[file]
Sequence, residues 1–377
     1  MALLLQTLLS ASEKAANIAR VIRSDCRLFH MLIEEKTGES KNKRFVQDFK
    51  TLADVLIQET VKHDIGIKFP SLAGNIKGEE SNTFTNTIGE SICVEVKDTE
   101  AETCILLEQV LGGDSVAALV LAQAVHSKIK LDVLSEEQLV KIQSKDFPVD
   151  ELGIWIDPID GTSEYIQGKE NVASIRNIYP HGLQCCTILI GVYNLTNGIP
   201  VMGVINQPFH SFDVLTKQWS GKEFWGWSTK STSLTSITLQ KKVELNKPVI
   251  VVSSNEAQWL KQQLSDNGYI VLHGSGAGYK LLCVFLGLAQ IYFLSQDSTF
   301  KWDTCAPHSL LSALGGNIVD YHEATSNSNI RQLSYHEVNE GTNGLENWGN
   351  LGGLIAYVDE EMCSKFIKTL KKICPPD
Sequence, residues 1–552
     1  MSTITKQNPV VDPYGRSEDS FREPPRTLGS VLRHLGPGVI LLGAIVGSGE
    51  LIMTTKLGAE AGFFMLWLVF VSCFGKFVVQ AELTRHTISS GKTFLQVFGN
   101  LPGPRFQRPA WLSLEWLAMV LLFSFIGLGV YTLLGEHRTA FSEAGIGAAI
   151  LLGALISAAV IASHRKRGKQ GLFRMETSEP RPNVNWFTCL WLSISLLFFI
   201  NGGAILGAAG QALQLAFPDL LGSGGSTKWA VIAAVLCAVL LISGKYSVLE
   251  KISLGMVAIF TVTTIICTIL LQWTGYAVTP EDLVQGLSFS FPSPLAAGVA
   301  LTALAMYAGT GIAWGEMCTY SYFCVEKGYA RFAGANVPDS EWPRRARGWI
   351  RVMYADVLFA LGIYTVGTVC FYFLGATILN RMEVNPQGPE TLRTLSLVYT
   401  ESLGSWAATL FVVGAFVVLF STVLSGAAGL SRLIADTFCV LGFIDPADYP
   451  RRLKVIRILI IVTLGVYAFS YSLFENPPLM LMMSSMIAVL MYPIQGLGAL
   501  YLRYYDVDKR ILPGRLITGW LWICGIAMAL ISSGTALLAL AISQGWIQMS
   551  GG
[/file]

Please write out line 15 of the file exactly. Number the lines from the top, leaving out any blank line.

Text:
   201  NGGAILGAAG QALQLAFPDL LGSGGSTKWA VIAAVLCAVL LISGKYSVLE